One of the great mysteries of our time is actually so much more. A David Fincher film is worthy of a year’s top 10 attention regardless of its subject matter, merely on his talent merits alone. But author Stieg Larsson’s story has Fincher wielding his storytelling majesty with a novel that has enthralled millions. As such, Dragon Tattoo gives Fincher a palette to create one of his most astonishing pieces of pure cinematic beauty.
2. The Descendants
The Descendants is only the number two film of 2011 by a hair. The pure cinematic scope of our number one is why it is the top film. George Clooney rose to the occasion that was appearing in an Alexander Payne (Sideways) film, but exceeded expectations and will likely win a Best Actor Oscar. Clooney is a father trying to hold together his family after his wife and his daughters' mother lands in a life-threatening coma. He discovers that his wife was having an affair at the time of the accident from his teenage daughter (Golden Globe nominee Shailene Woodley) and the journey he and his family then go on throughout their Hawaiian homeland is powerful and precise in its ability to show audiences why we go to the movies.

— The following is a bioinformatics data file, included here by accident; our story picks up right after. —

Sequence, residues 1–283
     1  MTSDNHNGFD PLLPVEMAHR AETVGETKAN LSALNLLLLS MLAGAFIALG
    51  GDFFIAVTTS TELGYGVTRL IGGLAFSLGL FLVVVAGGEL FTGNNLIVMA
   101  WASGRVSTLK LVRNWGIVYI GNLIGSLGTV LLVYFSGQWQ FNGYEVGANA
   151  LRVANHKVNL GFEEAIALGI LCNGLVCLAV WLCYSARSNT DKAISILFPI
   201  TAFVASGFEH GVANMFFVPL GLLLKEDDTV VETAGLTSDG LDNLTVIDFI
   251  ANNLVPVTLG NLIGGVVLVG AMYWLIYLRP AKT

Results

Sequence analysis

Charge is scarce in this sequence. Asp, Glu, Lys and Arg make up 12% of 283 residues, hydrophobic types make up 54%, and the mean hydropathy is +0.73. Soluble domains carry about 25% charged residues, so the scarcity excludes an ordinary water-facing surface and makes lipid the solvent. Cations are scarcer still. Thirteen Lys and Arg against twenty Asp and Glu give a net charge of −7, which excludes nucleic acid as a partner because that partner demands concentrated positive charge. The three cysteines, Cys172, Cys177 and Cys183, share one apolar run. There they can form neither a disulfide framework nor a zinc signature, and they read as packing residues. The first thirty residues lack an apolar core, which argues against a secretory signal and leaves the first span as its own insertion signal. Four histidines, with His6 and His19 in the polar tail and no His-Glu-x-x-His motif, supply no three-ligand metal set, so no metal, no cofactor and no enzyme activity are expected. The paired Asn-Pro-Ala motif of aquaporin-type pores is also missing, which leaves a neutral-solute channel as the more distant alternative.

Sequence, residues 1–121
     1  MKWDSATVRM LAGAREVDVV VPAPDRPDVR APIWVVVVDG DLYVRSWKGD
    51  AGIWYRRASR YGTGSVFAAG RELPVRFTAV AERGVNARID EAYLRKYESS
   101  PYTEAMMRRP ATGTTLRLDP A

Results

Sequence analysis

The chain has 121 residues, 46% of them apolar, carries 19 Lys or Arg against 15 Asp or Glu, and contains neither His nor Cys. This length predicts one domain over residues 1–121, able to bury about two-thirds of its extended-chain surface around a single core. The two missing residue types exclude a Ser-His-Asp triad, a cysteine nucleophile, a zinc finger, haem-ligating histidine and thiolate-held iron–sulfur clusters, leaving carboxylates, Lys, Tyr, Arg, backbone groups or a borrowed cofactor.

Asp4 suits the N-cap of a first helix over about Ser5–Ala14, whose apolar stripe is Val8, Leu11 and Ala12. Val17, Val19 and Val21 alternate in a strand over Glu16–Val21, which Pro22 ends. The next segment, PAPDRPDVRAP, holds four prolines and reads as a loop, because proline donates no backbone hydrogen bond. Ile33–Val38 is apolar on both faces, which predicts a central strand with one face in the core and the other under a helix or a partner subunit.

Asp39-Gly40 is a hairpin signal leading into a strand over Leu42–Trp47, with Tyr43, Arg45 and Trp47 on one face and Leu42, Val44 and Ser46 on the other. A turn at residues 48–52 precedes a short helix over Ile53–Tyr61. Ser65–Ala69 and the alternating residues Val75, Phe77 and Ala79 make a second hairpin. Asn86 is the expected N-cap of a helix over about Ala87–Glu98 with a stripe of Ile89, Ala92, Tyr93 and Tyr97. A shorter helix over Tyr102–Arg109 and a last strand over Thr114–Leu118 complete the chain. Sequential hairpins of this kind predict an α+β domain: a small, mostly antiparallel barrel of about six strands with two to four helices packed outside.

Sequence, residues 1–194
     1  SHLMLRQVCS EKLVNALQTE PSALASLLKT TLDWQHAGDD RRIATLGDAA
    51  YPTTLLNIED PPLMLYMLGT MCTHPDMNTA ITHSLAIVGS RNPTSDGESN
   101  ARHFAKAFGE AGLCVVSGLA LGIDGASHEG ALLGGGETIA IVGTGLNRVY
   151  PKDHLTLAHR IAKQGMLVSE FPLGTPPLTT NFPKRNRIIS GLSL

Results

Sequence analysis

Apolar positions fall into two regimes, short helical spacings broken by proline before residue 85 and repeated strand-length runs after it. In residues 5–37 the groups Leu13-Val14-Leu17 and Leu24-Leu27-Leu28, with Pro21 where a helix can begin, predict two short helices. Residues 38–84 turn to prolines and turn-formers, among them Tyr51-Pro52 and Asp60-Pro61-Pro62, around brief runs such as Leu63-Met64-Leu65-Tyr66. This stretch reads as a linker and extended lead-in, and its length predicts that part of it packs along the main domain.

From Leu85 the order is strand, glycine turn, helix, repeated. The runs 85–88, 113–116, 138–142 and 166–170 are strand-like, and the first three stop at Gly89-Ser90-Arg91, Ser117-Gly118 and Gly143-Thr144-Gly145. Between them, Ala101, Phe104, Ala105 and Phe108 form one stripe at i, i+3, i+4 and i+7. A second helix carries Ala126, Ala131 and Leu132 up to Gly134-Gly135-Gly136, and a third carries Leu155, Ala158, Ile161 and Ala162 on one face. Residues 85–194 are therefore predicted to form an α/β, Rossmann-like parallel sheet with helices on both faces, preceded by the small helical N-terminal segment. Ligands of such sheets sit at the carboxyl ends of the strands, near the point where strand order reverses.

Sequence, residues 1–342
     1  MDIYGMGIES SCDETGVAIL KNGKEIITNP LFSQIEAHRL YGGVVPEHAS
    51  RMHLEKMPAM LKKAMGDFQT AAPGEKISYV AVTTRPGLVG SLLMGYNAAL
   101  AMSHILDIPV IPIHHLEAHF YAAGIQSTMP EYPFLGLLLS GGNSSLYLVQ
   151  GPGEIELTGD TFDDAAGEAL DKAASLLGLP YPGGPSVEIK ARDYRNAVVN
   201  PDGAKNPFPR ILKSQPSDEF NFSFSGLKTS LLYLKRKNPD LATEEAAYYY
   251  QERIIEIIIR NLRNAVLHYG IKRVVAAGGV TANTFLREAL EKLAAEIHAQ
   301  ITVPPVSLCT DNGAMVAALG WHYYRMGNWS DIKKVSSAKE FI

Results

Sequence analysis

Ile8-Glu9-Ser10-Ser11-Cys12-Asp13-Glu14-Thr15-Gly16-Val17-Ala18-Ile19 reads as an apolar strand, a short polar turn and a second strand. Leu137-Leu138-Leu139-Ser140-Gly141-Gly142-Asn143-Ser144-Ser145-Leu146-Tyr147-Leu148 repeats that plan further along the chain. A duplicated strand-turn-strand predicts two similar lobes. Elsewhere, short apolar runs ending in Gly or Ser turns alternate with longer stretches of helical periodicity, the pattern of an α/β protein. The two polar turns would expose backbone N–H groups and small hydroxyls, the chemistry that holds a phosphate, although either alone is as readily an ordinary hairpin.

The best of the best is what Hugo brings to the table. Our era’s best director, Martin Scorsese, has a story in Hugo that allows the auteur to spin a yarn that is pure platinum. At its heart, Hugo is a celebration of cinema. As such, Scorsese, the Dean of Moviemaking, is in his element and the recipient of that celluloid joy is the audience. Using 3D for the first time, Scorsese agonized over every frame and word out of his actors' mouths. The result is a movie experience that is not only the best of the year, but one of the best of the last decade.
Honorable mentions (films that almost made the top 10): Rise of the Planet of the Apes, Martha Marcy May Marlene, Puss in Boots, Shame, Tinker, Tailor, Soldier, Spy, War Horse, Margin Call, Super 8, The Muppets, Hanna, Jane Eyre, Moneyball, Mission Impossible: Ghost Protocol and Beginners.